Actress Demi Moore looks radiant and wrinkle-free in controversial new ads for Helena Rubinstein cosmetics. The photos are under fire for aggressive airbrushing and creating a false sense of beauty.

Britain, France and Israel are taking a tougher stand on image ads. Government agencies have gone as far as banning overly airbushed ads from being shown in public.

Experts note that Moore, 49, just doesn’t look natural.

“She looks quite unlike her usual self,” Life & Style photo editor Craig Gunn told UK’s Daily Mail. “It’s a slightly alien effect.” Indeed, she looks like a porcelain doll, or worse embalmed.

Check out Demi’s photos; click to enlarge.

Britain, France and Israel are taking a tougher stand on image ads. Government agencies have gone as far as banning overly airbushed ads from being shown in public.

“When you start taking away people’s skintones and smoothing out their features, they look like mannequins. You’re removing the human elements of the face.

Still, it’s commonplace in the beauty industry. It’s all about creating symmetry – but it’s a false beauty,” Gunn said.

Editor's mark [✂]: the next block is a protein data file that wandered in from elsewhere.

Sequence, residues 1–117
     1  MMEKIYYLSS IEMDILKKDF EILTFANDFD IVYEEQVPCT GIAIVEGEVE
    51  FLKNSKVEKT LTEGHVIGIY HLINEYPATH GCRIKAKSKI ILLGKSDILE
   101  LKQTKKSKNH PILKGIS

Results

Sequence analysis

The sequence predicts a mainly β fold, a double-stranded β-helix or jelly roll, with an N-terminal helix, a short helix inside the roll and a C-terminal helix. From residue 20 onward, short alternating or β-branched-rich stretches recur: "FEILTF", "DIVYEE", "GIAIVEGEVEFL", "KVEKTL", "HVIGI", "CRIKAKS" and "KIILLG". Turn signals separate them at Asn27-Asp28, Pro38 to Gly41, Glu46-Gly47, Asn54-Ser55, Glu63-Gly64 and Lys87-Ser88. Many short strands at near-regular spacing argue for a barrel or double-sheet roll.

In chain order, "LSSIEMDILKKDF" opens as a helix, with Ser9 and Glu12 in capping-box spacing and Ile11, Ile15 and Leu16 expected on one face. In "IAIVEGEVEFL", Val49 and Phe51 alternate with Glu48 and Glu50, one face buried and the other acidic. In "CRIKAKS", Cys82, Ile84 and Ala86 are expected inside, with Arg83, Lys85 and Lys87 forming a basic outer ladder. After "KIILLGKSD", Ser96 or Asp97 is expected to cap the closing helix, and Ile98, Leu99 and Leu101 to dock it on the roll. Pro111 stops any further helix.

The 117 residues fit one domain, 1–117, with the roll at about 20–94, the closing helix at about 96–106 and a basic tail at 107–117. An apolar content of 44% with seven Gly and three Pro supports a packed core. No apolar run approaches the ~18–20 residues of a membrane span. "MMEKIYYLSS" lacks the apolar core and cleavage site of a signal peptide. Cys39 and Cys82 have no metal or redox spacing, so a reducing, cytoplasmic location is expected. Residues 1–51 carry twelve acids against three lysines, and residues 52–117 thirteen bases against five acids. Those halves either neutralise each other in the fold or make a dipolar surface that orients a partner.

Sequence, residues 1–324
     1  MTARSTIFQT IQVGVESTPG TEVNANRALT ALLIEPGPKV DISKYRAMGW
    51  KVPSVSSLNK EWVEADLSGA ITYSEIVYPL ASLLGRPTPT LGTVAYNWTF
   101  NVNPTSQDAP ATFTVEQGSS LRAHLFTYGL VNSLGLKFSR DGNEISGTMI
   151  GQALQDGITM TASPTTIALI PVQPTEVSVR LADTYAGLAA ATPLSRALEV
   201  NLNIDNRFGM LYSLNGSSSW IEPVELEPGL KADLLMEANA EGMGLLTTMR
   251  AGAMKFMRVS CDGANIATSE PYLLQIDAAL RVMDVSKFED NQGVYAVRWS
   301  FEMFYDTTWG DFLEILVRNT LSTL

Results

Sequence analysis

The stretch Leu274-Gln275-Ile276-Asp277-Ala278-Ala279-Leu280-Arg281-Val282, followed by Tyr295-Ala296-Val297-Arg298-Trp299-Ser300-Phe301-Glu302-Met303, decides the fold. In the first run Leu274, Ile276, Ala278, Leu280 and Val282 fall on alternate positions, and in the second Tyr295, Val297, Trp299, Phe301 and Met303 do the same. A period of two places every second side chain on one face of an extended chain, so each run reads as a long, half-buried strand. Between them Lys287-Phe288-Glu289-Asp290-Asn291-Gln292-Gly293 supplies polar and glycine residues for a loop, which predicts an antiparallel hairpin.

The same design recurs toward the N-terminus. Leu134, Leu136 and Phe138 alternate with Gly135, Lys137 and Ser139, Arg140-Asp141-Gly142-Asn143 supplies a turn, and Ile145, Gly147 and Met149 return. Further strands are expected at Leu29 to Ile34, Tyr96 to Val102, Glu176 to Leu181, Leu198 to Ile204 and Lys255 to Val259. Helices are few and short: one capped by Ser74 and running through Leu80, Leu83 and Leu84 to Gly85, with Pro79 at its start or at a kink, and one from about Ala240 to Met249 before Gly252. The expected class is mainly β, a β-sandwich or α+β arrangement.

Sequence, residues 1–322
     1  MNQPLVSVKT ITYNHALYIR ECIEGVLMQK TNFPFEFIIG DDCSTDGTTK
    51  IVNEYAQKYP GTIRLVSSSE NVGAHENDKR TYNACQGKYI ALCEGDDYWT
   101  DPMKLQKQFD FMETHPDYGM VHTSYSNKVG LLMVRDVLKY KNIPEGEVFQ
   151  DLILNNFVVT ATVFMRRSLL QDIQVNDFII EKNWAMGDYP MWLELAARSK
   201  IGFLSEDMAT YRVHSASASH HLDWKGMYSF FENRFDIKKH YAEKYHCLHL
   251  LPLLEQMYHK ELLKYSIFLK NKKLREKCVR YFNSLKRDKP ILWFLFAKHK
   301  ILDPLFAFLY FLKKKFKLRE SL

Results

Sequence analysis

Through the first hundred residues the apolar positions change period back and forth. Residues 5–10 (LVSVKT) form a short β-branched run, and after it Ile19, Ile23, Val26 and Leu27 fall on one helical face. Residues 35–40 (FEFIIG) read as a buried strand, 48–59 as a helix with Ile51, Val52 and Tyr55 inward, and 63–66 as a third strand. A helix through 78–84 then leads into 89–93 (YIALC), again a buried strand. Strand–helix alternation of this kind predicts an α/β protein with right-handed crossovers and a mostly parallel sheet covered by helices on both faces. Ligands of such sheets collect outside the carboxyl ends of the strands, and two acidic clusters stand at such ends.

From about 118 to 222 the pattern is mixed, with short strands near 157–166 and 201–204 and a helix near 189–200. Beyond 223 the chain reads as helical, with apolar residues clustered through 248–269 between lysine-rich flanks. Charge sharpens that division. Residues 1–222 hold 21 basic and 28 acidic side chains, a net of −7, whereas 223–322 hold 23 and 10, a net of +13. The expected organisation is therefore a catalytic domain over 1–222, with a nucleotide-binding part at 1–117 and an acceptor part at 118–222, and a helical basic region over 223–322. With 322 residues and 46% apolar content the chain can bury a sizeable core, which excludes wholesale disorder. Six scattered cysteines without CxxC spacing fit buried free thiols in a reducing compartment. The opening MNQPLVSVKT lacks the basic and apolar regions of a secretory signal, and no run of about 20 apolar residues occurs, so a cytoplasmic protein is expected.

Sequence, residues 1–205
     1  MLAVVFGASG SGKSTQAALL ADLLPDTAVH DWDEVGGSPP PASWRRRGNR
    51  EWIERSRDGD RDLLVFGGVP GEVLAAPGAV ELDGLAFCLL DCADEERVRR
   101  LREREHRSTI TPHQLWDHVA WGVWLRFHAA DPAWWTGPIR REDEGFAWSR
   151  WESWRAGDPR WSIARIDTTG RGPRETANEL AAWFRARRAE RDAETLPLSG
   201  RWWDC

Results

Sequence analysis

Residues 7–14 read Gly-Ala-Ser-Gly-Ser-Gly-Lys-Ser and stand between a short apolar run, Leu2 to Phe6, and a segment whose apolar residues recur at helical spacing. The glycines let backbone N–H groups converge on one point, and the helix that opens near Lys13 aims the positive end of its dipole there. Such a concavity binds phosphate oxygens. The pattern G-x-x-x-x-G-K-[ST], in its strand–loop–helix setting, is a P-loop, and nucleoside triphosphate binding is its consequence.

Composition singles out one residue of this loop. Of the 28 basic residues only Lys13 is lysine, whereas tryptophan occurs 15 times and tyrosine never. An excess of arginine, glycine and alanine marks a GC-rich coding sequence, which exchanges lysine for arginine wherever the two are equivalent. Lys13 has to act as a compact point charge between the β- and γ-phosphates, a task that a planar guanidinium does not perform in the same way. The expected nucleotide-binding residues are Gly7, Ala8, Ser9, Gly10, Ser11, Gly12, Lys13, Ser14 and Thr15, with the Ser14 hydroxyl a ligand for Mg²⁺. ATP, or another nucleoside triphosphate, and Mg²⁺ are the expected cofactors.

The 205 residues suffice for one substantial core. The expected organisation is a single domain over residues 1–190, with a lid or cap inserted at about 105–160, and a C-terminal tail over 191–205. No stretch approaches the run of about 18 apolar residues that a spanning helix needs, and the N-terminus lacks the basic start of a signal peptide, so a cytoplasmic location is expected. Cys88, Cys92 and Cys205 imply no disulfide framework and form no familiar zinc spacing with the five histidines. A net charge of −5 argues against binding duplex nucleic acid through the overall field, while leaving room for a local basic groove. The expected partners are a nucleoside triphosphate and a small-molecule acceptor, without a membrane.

Ironically, Moore has hailed for her ageless physique — the result of a strict diet and regular workouts. But since her seven-year marriage to Aston Kutcher broke up in the wake of a sex scandal, Moore’s health has been sketchy.

She was hospitalized in January following a drug-induced seizure. She is now reportedly suffering from body dysmorphia and eating disorders stemming from an obsession to remain thin and young-looking.

While airbrushing and photoshopping are common in magazines and fashion ads, the practice is coming under heavy criticism. French lawmakers recently voted in favor of a bill to ban “publicly inciting extreme thinness.” Last week, lawmakers in Israel banned “underweight” models from fashion runways, advertisements and commercials.

Several ads have been banned in the UK because of excessive photoshopping, and in one case, because a model had “highly visible ribs.”

Actress Rachael Leigh Cook, 32, told Fox News gullible fans idealize airbrushed magazine images of actresses and models, which can lead to self-esteem issues.

“Nothing that you see is real, even if you look at what looks like a candid photo of someone, anything can be done,” Cook said. “It is false advertising, and false advertising is a crime, so why isn’t this a crime?”